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Chambered Nautilus

Nautilus pompilius
The Nautilida Order contains six extant species and a handful of extinct ones, some of which date all the way back around 550 million years. They are primitive Cephalopods that often are given the "living fossil" moniker-- they have changed very little over the past several million years.

The Chambered Nautilus is perhaps the best known of the bunch. They are large in size (one subspecies reaches just under a foot in shell diameter) and have a very widespread distribution across the Pacific.

The shell of the Chambered Nautilus is covered in dark and light stripes-- a coloration pattern that camouflages them. The shell serves as protection, and also helps with buoyancy  as the Nautilus can fill and empty out different pockets with gas. As they grow, the shell gains new chambers, and full grown adults will have around 30 different compartments.

Aside from the shell, the Chambered Nautilus displays several other interesting traits. For one, they have no lenses or corneas in their eyes. Secondly, they have around 90 tentacles, none of which have suckers (something most other Cephalopods have).

The Chambered Nautilus is a very slow growing creatures. They are between 15 and 20 years old before they reach sexual maturity. Reproduction takes place internally, with four of the males' tentacles forming a part called the spandix. They use this to transfer a spermatophore mass to the female. The mass attaches to the female's mantle and releases the sperm. Newly hatched babies have shells that measure about 1in in diameter.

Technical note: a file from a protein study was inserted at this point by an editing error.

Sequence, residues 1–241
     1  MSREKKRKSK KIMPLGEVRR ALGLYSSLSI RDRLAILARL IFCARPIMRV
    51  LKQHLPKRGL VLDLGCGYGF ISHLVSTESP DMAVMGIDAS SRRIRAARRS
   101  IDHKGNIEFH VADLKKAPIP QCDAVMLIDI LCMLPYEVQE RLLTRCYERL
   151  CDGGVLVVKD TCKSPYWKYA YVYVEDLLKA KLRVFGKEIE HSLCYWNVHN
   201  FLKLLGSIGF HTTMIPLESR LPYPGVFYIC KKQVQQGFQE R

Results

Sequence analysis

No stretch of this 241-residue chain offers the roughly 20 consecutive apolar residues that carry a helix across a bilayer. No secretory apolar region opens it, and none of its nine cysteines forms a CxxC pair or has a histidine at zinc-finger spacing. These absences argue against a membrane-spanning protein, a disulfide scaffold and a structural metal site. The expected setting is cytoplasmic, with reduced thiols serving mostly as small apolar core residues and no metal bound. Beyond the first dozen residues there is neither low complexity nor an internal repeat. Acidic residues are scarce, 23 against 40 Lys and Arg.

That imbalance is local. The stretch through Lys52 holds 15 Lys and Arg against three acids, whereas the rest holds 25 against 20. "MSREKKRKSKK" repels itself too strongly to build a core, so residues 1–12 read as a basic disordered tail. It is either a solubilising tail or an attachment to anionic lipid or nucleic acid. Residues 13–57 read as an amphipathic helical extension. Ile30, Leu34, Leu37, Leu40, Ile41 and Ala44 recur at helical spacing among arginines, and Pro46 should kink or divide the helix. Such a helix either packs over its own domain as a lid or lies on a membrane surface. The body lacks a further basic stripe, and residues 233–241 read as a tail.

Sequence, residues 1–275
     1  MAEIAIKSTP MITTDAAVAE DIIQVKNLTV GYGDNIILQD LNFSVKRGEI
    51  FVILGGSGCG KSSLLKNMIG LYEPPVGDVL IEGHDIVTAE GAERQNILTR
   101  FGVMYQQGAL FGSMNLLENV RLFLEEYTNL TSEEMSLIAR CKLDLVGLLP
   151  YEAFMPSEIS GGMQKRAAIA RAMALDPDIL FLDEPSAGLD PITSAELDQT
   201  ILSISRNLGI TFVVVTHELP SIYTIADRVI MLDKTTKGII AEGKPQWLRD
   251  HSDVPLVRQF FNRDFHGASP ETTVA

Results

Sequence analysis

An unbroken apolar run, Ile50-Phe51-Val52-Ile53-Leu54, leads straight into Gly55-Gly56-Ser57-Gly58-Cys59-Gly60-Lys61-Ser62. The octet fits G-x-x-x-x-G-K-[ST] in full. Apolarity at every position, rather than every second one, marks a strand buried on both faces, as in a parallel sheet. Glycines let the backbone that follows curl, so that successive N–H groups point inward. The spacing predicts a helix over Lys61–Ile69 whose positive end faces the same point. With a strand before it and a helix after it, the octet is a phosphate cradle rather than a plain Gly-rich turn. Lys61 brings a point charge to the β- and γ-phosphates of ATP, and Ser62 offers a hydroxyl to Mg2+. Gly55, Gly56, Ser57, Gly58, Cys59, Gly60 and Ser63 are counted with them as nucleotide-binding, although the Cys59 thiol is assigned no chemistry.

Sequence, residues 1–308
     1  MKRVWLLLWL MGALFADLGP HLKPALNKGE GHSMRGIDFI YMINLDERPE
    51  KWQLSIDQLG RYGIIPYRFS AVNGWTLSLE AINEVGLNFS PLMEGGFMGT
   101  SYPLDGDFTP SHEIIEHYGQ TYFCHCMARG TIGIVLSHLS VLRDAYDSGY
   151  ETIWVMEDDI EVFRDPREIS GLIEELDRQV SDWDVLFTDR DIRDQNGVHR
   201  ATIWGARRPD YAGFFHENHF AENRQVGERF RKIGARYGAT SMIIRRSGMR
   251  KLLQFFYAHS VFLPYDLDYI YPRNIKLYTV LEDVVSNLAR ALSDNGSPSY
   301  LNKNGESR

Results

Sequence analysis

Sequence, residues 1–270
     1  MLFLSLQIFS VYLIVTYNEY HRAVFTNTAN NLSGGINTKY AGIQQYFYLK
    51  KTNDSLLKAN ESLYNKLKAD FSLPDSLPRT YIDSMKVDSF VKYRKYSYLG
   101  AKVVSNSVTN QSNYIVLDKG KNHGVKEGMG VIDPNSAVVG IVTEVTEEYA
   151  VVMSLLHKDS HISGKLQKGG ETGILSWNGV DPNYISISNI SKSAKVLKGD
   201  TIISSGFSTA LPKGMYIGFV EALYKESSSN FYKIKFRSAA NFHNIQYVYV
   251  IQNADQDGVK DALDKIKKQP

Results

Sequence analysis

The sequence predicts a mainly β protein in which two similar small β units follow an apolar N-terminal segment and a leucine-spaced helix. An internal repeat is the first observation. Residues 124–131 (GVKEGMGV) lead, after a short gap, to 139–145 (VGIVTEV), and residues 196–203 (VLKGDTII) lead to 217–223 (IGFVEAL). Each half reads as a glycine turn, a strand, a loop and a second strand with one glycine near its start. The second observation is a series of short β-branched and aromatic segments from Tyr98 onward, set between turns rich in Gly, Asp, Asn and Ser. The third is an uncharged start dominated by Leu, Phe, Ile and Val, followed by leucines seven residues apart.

Back during the Renaissance, Chambered Nautilus shells were very popular with artists and collectors. They would attach the shells to metal stems, forming decorative cups. Some got exceptionally elaborate-- like this piece using guilt silver that looks like an Ostrich!

IUCN Status : Not Listed
Location : Pacific Ocean
Size : Shell Diameter up to 10in (25cm)
Classification : Phylum : Mollusca -- Class : Cephalopoda -- Order : Nautilida
Family : Nautilidae -- Genus : Nautilus -- Species : N. pompilius

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